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Did You Know... that for a long time U.S. posters that were used in Canada were censored or approved?

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Added: 09/28/2015

Many collectors of non-U.S. posters quickly learn that many of them (most often those from Belgium, Denmark, and Italy) often have either postage-like "tax stamps" attached to the image or have foreign stamps (or punch holes that form numbers and words) in one corner of the image. Those stamps and similar markings were put there to signify that the theater had paid the tax levied on movies that were being shown. See the link below for more on how these affect the value of the poster they are on.

Canada had stamps as well on some posters, but these served a different purpose! They were much larger than other country's stamps, and they are called "Canadian censor stamps". They were put on posters for U.S. movies, and they showed that the movie (and the posters) had been "approved" by the Canadian censors at that time (and every poster was stamped individually).

Since these stamps were large, they often could not easily be placed in the background of each poster, and sometimes they overlap part of the image. In these cases, they DO lower the value of the item significantly, but proportionally to the impact the stamp has on the item. Sometimes the person stamping would obviously do their best to stamp as much as possible in a blank background area, and other times they would stamp right on the star's face! In those cases the value is very much decreased.

You may be thinking, "But can't the stamps be removed through restoration?", but unfortunately, in most cases, the ink completely bonds with the paper and anything that would remove the stamp would also remove the printed image, so they usually must be painted over, which falls more in the area of recreation rather than restoration, and it can be pretty expensive.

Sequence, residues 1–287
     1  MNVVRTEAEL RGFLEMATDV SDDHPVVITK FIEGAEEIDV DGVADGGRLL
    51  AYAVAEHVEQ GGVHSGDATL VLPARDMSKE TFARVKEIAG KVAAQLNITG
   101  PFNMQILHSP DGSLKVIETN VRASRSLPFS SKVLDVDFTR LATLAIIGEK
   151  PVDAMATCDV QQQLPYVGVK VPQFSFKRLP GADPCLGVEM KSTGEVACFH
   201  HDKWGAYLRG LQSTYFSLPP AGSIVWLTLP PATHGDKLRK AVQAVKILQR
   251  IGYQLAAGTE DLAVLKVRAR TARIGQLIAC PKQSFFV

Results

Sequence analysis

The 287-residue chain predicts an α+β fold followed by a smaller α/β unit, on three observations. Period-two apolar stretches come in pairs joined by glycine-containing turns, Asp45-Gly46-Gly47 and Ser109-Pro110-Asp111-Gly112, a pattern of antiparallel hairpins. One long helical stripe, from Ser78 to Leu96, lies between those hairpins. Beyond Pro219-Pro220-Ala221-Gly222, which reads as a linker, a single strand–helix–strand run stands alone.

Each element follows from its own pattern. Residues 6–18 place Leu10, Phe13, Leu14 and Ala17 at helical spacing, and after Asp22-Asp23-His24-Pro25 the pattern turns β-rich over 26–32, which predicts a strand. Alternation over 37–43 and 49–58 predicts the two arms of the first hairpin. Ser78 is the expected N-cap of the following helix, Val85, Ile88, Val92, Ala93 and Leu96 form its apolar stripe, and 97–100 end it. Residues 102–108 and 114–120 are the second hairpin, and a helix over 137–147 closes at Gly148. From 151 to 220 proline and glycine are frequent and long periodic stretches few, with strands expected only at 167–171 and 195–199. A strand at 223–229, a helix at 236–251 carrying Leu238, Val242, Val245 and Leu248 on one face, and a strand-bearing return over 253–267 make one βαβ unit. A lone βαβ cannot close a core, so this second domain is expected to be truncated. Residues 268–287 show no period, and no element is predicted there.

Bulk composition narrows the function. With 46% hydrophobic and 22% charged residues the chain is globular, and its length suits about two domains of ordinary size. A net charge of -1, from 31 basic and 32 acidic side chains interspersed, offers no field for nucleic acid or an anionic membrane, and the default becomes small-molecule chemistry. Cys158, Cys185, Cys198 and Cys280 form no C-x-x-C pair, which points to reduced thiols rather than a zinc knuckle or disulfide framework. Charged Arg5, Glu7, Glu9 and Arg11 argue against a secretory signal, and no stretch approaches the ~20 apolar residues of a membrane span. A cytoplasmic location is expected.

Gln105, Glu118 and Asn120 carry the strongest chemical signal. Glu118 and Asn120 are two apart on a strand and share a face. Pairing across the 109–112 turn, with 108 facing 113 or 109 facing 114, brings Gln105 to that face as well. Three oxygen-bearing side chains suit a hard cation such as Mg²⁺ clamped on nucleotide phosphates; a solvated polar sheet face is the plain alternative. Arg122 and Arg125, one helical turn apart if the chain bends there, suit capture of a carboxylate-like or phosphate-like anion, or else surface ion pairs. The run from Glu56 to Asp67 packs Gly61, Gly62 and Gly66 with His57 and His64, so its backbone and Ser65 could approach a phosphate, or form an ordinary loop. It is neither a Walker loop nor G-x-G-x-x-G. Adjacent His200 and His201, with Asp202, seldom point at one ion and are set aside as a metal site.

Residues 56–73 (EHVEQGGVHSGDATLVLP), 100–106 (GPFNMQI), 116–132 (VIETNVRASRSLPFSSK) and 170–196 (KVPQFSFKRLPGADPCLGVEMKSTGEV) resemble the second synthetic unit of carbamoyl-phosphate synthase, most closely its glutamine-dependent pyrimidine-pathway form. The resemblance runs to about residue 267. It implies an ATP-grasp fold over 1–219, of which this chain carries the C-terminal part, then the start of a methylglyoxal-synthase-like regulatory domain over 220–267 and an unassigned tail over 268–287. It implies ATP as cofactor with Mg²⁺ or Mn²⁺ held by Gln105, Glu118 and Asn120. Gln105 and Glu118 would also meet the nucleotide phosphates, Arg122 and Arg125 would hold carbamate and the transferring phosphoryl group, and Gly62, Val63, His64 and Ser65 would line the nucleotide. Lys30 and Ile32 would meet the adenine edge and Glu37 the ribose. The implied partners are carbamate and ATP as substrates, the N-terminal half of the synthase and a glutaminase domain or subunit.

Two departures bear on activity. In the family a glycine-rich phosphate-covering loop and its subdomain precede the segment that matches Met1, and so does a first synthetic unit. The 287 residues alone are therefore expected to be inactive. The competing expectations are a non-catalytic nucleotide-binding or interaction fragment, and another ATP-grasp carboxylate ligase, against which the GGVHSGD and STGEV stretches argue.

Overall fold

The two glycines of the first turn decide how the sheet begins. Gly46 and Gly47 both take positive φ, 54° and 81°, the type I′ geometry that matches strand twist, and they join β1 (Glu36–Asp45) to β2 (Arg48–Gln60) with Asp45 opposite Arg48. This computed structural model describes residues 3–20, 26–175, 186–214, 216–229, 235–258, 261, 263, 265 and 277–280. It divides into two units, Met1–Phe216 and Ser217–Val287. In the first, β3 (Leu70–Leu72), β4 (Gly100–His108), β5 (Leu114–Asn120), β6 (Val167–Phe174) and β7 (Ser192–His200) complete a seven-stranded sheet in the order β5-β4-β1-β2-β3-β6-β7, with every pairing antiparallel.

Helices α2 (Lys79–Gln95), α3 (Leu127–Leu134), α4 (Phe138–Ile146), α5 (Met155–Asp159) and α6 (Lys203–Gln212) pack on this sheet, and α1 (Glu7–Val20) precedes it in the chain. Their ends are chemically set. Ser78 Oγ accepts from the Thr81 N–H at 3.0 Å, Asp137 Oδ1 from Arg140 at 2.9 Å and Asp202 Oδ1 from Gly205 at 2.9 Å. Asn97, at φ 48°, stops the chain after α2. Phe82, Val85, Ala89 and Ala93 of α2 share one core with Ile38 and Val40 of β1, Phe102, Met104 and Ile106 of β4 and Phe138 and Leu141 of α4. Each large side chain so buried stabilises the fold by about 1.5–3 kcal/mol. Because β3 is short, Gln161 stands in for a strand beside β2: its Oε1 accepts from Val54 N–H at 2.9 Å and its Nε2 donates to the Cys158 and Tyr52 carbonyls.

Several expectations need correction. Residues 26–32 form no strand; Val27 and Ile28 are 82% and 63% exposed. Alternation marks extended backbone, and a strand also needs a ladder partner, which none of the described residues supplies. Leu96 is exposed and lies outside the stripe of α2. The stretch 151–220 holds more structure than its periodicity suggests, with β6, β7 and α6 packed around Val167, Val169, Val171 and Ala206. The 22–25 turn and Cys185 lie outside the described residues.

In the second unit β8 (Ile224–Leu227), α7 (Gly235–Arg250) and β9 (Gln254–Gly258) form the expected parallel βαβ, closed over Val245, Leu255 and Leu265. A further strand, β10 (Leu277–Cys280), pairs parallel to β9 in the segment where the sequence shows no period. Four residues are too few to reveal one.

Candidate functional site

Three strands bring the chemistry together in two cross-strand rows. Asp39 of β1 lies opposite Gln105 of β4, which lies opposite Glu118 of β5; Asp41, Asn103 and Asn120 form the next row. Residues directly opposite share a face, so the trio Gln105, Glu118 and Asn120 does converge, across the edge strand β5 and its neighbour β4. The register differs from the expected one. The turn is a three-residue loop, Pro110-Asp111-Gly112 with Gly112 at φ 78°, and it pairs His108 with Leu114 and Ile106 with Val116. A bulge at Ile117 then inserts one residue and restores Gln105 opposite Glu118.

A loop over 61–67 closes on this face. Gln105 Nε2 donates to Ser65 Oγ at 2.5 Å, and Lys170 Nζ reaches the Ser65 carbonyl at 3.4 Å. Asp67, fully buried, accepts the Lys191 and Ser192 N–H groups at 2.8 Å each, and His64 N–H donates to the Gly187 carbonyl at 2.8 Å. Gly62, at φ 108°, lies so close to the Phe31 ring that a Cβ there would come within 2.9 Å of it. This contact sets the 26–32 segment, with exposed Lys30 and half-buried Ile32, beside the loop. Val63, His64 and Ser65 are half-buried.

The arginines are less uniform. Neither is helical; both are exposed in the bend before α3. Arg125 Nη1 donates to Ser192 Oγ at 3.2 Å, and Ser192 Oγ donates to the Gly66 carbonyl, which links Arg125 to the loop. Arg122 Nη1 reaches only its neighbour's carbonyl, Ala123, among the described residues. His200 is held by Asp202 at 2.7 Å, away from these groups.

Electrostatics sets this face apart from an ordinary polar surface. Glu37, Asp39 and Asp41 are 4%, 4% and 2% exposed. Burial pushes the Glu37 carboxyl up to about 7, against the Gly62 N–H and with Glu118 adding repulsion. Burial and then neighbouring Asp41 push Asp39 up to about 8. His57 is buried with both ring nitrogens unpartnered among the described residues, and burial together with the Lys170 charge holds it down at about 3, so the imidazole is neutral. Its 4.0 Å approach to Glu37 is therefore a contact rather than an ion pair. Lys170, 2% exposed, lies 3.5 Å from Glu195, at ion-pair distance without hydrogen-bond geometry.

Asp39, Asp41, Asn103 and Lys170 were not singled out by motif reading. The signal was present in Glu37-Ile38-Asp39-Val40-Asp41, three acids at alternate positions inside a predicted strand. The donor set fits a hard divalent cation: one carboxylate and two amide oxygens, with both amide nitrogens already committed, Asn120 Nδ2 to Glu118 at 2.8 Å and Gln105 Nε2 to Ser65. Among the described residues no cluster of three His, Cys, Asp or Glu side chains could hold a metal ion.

But there is another more important way that the Canadians censored U.S. posters! They simply could not stand even any hint of a "too-sexy" image in the 1950s and early 1960s (of course, in those days there were NO naked women on U.S. posters!) and if the image contained a woman with a low cut dress showing cleavage (or a bare midriff) then the censors would ONE BY ONE paint over the "offensive" parts of those images (sometimes they would try to make it appear like the image was different without a censor mark, so they might paint added parts of clothing to sexy woman, but it almost never looked realistic!).

In addition, they were mortally offended by hand guns, knives or other weapons, and those too would be blacked out, or drawn over, as would scenes of crimes, like someone being hung or strangled! Worst of all, they did not use the normal kind of black ink that was used for stamping the censor stamps. They used a special black magic marker-like paint that COMPLETELY bonds with the paper. and it is SO dark that you usually can't see what was under it, even if you look at it from the back, or hold it to a strong light (and I guess that was why they used it).

Now how do these kinds of "censored" images affect the value of a poster? Since they can almost always only be painted over, and since they affect a key part of the art, many collectors think they almost completely kill the value of the poster. But others (and I am one of them) thinks they are really cool and funny, because they show just how puritanical people in the 1950s and 1960s were, and I could well imagine displaying and enjoying such a poster exactly as it is. But of course, each person must make their own decision on this!

See also:
Did you know... why some foreign posters have postage-like "tax stamps" on the image?


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